Thursday, 10 January 2019

A case of theft

It was Proudhon who argued that all property is theft, although Marx pointed out that the idea of theft itself presupposes the existence of the concept of property.  Whatever, in common everyday language, we all have an understanding that theft is the unlawful removal of one person’s property by another.  If a thief breaks into my house and makes off with my property, or if a conman turns up at my front door purporting to be someone he is not and persuades me with lies and deception to part with my property, most of us would understand that to be theft.  And any attempt using lawful means to get that property back would be regarded by most of us as entirely legitimate and reasonable.
On today’s newsstand, I noticed the banner headline in the Daily Express claiming that “They really do want to steal your Brexit”. 

It’s not the only time that I’ve seen the claim that any attempt to reverse Brexit is ‘theft’; and it isn’t only the Express which makes the claim.  I can understand why those who have spent many years campaigning for Brexit will feel dismayed and let down if their referendum victory is somehow ‘stolen’ from them; but something can only be ‘stolen’ from someone if it were that person’s legitimately obtained property in the first place.  Recovering stolen property by lawful means cannot itself be theft.  And there was more than one conman involved in the initial theft.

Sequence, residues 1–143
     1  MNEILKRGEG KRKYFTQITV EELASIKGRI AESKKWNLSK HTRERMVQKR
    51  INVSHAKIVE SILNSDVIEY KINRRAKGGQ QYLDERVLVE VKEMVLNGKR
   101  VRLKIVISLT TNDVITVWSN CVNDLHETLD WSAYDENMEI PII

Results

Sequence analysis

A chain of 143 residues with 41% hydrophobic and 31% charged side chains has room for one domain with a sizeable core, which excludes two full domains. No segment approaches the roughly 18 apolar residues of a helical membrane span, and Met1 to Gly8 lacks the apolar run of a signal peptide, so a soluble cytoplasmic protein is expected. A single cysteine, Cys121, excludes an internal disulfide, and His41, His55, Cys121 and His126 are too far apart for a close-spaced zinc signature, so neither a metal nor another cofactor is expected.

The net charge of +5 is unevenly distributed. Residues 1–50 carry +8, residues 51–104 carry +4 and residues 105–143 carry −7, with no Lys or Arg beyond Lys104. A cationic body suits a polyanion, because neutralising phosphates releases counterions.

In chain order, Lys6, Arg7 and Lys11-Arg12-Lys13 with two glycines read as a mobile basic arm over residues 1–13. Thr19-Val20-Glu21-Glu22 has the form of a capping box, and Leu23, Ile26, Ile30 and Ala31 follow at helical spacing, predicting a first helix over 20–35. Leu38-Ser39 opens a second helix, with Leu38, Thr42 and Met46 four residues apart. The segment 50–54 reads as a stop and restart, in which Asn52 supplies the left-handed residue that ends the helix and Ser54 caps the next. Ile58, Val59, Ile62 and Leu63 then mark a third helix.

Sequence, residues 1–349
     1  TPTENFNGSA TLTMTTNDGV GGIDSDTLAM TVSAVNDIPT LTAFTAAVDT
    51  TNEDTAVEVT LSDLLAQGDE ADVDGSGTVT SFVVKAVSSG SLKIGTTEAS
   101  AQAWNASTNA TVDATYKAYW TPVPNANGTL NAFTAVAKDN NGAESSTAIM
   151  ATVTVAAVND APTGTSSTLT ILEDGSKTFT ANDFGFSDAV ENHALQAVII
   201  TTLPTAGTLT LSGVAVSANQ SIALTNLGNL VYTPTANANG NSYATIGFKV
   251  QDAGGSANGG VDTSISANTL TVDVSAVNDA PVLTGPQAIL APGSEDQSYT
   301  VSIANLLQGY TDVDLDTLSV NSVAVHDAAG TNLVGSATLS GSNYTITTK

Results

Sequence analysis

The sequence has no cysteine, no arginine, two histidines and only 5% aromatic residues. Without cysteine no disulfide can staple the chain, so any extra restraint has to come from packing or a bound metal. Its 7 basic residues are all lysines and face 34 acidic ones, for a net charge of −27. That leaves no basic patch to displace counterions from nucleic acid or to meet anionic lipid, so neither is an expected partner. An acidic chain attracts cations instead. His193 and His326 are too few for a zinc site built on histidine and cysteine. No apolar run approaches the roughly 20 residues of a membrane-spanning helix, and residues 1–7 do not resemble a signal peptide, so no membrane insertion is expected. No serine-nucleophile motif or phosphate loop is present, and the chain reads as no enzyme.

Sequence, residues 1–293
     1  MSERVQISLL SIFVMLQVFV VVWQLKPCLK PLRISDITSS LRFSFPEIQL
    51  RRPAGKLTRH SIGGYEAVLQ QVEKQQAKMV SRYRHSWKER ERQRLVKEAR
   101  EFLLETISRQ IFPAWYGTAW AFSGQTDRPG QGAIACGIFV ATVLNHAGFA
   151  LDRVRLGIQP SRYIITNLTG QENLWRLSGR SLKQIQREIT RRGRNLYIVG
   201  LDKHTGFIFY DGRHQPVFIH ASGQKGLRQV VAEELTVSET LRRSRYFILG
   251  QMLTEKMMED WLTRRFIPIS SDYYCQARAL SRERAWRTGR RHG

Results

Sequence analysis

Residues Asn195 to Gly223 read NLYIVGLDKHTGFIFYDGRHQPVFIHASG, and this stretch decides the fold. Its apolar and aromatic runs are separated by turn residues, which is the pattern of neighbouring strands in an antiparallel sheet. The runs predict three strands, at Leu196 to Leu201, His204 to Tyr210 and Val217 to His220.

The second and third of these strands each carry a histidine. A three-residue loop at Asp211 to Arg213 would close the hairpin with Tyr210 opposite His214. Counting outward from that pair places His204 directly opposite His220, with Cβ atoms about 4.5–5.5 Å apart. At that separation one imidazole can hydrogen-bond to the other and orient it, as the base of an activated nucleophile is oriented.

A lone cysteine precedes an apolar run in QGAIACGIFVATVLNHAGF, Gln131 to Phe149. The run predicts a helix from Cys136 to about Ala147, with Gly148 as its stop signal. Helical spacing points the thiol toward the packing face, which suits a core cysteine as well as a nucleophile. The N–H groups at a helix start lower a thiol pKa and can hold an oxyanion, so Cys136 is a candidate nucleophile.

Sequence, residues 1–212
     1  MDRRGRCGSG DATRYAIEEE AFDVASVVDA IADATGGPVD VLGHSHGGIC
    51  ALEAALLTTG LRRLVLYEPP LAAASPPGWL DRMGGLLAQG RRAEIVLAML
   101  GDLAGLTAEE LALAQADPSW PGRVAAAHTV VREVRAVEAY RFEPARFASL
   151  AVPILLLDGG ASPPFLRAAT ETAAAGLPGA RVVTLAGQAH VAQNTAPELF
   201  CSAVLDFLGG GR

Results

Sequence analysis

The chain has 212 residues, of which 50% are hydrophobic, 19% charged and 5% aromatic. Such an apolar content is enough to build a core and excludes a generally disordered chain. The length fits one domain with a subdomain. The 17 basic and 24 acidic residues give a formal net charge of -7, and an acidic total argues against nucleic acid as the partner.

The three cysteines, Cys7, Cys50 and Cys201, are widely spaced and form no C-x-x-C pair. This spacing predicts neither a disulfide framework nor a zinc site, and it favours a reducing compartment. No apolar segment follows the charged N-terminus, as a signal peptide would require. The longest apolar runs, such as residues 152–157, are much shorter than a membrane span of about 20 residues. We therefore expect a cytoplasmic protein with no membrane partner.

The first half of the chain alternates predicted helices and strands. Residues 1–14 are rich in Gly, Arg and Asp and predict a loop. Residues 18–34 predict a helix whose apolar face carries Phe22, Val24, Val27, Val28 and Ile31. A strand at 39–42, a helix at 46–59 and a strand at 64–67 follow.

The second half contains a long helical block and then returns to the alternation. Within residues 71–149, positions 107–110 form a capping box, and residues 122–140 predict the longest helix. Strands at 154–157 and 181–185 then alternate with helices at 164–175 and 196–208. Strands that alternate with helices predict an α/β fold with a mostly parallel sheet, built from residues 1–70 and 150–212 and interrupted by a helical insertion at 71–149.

It doesn’t matter here that the Remain campaign may not have had entirely clean hands; there was a great deal of hyperbole and exaggeration (although, as events are turning out, perhaps rather less than I thought at the time), and a certain unwillingness to address the future direction of travel of the EU.  But none of that can excuse a campaign which those involved have subsequently admitted was based on direct and deliberate lies – some of which are still being repeated.  Returning to the question of who stole what from whom, that means that the ownership of the property in question is, at best, disputed.  And that in turn means that a means of arbitration and judgement is required.  There is no better way of meeting that requirement than an honest debate about the real facts before a further and decisive vote.

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